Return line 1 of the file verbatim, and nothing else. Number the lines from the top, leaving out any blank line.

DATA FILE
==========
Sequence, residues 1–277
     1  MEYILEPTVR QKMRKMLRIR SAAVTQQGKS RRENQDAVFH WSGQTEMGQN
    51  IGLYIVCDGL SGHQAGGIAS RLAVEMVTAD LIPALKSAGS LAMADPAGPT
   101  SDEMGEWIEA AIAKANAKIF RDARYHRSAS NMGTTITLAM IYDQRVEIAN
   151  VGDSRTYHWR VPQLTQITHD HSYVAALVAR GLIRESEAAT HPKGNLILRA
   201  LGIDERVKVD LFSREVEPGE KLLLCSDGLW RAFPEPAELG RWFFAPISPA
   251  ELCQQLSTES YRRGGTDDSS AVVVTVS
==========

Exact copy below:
Sequence, residues 1–277